For an amazing example of the power of community-based activism, look no further than the Purple Light Nights campaign against domestic violence.
The Covington Domestic Violence Task Force was formed in 2004 to help raise public awareness and support victims of abuse through various types of assistance and referral services. The color of purple is an international symbol of efforts to stem domestic violence, so Victoria Throm came up with an idea: Place purple lights throughout Covington as a way to remember people who have lost their lives due because of domestic violence and to tell survivors that there is hope and support.
Throm, the president of the task force, started something big. There are now 16 domestic violence awareness groups in nine states – some all the way in the opposite corner of the country in Maine – participating in Purple Light Nights. And Throm hopes the campaign will be in all 50 states a year from now.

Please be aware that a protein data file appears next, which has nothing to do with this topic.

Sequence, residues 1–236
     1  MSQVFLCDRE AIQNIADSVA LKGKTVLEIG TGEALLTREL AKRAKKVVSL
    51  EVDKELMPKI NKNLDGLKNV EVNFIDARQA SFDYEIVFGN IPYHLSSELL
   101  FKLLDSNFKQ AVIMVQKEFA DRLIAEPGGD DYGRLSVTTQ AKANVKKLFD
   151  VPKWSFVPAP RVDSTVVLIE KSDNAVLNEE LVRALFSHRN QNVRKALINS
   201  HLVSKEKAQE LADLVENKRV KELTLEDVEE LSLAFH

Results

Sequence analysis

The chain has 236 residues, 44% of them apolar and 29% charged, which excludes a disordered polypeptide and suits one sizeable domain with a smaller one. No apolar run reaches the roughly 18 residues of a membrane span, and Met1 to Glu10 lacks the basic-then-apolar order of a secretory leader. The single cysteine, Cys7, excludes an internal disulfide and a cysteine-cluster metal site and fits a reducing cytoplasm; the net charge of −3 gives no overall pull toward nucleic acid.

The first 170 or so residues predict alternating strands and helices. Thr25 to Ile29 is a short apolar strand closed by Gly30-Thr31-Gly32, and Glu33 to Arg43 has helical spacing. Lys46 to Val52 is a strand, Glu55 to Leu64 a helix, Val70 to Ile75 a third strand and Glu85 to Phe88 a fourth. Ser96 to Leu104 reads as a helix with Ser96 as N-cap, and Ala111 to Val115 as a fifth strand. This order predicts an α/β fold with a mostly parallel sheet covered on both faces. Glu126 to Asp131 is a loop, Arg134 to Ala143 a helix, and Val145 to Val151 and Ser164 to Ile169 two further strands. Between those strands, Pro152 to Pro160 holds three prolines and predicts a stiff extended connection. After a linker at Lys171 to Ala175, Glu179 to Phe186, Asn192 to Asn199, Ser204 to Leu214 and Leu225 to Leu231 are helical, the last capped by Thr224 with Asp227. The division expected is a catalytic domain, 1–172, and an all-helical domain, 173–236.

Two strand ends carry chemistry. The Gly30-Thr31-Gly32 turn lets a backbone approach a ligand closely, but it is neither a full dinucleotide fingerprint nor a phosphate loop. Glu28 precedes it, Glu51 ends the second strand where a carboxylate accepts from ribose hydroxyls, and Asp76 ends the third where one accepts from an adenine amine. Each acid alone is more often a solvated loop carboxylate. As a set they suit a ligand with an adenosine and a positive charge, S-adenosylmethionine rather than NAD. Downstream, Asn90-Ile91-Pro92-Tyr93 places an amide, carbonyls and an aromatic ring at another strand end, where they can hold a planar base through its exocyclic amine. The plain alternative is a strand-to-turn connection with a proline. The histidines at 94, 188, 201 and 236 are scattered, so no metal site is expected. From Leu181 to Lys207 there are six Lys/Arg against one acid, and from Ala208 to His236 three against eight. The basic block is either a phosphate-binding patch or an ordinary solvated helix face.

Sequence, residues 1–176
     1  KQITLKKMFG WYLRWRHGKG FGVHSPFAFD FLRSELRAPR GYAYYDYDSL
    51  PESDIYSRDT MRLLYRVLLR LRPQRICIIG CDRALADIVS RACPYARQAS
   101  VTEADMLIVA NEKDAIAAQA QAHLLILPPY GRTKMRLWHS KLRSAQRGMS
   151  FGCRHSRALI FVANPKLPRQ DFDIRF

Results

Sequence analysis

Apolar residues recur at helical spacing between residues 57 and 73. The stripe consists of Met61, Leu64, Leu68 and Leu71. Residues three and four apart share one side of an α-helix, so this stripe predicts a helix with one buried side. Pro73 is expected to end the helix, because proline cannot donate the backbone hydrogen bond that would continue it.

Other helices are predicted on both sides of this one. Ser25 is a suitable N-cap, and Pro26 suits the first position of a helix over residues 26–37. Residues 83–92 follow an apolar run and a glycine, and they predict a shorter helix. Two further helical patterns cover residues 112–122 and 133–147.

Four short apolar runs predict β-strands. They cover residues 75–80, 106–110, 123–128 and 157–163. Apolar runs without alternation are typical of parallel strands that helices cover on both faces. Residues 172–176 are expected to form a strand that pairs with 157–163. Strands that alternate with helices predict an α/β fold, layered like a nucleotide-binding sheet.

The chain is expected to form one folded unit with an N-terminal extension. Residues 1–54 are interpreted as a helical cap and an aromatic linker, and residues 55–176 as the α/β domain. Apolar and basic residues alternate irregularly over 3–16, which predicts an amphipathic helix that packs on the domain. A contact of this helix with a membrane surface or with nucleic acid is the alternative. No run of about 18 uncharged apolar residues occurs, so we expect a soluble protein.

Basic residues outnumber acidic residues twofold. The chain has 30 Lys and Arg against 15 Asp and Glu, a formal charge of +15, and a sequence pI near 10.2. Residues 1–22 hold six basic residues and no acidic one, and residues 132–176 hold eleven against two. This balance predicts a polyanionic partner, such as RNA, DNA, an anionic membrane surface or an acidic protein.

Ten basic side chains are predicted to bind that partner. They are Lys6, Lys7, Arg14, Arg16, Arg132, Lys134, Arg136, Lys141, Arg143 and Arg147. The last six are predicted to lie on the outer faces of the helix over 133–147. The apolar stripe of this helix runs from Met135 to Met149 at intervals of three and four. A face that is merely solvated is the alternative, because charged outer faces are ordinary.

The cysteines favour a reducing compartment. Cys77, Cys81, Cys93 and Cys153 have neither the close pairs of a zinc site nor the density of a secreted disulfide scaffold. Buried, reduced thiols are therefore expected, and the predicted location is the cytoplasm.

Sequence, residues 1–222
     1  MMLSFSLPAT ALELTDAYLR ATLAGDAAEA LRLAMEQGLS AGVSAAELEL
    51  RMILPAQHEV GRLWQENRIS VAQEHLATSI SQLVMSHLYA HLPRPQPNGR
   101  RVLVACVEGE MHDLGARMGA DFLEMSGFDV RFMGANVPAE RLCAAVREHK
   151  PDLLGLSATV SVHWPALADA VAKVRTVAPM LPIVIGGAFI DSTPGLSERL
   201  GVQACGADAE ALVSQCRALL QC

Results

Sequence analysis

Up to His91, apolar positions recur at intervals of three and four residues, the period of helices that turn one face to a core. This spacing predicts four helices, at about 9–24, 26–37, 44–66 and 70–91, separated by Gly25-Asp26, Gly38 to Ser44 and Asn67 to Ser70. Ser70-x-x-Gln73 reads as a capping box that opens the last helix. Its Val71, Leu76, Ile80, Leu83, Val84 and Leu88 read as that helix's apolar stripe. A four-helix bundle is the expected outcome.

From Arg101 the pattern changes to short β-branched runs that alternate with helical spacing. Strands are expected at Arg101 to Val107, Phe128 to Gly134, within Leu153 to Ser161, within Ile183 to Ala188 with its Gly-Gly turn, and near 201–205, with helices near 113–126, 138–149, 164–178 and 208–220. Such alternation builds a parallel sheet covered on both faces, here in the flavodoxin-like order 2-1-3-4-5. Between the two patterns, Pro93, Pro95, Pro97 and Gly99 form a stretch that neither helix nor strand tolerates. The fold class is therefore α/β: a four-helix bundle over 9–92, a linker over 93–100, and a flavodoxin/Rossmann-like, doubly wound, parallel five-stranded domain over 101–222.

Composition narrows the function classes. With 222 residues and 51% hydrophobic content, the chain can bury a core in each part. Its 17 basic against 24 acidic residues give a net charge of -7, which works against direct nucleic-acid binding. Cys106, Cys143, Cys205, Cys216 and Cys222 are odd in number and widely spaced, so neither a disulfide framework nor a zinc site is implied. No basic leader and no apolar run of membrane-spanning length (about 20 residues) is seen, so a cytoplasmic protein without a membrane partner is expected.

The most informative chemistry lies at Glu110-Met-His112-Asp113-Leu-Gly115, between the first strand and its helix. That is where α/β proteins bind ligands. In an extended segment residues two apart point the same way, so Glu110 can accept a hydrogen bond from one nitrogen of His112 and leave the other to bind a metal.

Closer to home, King, Pierce, Thurston and Snohomish counties and the city of Seattle are conducting Purple Light Night drives during October, which is Domestic Violence Awareness Month. The campaign also has the endorsement of local, state and federal government leaders, including Washington Secretary of State Rob McKenna and U.S. Rep. Dave Reichert, whose district includes Covington and Maple Valley.
Money from sponsorships and the sales of purple lights to hang at homes and businesses goes to programs that help victims overcome the emotional and physical trauma of domestic violence.
Besides the organizational skills of people like Throm, the credit for Purple Light Nights’ success goes to community members who, as Throm says, want to “get that message out that domestic violence has no place in our community.” May it always be thus.
Publisher/editor Pat Jenkins